Like many Americans, Liv and her neighbors are cut off from high-speed broadband access because they live in an area that the cable company says is too far for them to run lines to. She says she’s spent a few years trying to convince them but hasn’t made any headway, even getting the neighbors to band together and say they would all agree to service. What can she do to change AT&T or Comcast’s mind, or can she even and would she be better off with a DIY solution?
I live in a semi-rural area. We are only a 10 minute drive from the nearest grocery store, McDonalds, Arby’s, and Sonic. There are about 14 families moderately spaced in my neighborhood, and every single one of them is willing to budget up to $100 a month, plus installation, to get any sort of line internet out there. Wild Blue is unbelievably awful, I currently use Virgin Mobile’s MiFi service but they’re throttling my connection, and several others use Sprint to little effect. All told, if this service were to be expanded (by about half a mile from the current lines) into my area, whatever service will be gaining around 40 houses. Comcast will allow anyone out here to go ahead with an initial purchase, but then money is kept in limbo forever, as they seem to have no intention of gaining customers. AT&T has met us with similar results. The situation would be different if I didn’t run a small consulting business out of my home, but the internet is how I make money.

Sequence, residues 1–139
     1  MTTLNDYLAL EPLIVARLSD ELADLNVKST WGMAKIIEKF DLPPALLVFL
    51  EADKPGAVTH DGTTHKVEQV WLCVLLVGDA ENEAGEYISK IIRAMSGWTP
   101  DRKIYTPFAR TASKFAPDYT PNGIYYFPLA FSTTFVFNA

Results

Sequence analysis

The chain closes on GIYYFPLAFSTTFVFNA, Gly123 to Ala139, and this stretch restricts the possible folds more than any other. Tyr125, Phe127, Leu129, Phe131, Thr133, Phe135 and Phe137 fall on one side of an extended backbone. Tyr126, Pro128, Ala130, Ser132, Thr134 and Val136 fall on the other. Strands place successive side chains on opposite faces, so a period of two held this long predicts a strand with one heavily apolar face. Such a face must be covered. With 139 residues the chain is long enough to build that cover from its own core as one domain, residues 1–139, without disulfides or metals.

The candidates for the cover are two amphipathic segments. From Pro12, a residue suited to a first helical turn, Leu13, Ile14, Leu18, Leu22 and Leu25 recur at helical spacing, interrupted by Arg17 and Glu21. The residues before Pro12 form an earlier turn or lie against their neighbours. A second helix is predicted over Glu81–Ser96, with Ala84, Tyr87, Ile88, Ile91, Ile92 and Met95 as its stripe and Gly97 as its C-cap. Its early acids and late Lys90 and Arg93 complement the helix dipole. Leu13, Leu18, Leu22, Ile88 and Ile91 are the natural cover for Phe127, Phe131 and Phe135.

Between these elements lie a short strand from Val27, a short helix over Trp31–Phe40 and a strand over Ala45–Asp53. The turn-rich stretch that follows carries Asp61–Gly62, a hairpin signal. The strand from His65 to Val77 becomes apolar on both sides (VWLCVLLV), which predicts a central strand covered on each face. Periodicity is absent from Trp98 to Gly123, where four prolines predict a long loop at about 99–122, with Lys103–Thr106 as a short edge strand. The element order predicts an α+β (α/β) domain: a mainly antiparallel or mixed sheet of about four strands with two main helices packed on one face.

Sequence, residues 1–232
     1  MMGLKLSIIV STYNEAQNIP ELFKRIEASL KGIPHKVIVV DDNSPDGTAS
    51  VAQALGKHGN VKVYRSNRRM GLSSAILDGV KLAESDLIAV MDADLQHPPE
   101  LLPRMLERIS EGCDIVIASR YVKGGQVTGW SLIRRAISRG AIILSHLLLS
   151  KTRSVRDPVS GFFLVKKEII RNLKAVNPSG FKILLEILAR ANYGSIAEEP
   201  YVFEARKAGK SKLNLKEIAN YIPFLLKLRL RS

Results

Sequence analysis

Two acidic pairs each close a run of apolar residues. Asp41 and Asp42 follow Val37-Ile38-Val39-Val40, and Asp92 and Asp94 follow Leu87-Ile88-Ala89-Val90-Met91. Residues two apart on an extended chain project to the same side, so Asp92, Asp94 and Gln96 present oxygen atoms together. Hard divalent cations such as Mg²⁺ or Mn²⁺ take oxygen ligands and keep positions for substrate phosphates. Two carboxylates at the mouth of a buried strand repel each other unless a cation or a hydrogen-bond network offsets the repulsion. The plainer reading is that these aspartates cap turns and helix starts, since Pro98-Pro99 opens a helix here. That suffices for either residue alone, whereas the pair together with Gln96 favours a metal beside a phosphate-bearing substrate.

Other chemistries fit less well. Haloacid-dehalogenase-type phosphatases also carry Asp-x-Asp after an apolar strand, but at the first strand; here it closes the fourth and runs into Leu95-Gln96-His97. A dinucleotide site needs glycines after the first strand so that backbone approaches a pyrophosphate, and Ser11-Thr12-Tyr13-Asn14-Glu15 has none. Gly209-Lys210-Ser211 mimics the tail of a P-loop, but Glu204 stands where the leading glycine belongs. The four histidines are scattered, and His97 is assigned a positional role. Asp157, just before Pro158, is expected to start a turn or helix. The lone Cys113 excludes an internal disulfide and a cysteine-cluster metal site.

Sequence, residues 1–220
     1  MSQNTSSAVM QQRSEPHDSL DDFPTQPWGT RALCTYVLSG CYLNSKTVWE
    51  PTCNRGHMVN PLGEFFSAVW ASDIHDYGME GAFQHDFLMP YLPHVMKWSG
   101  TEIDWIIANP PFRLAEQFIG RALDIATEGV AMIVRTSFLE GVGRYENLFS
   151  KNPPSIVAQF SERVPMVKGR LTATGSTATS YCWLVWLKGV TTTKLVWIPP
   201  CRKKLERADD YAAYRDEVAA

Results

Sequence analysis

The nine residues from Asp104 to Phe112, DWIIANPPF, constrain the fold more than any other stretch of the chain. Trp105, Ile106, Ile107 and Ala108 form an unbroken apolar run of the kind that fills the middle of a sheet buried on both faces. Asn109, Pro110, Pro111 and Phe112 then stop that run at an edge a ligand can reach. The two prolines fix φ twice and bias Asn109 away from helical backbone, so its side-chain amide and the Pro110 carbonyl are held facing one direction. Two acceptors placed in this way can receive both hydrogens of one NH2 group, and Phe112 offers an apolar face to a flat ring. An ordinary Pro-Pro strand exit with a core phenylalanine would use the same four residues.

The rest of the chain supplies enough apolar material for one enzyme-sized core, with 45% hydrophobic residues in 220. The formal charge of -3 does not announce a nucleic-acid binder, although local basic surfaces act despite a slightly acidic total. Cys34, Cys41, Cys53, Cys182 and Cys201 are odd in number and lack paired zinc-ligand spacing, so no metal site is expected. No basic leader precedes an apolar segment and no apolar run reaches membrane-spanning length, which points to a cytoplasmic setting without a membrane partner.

I’m seeking any advice from commenters, or the Consumerist staff, on how to convince a company that yes, it’s worth it.
I suppose you could look into your group of home going Dutch with the cable company on laying the lines, but I imagine that will still be extremely expensive.
Have you looked into setting up a longrange wifi connection? You could rent a small office space in the Arby’s area and set up a broadband connection there and then use a longrange wifi kit to beam it back to your house. It’ll take some expense and DIY kit-use, but it’s an option. And depending on your techno-savvy, you might be able to subsidize the cost by selling access to your neighbors.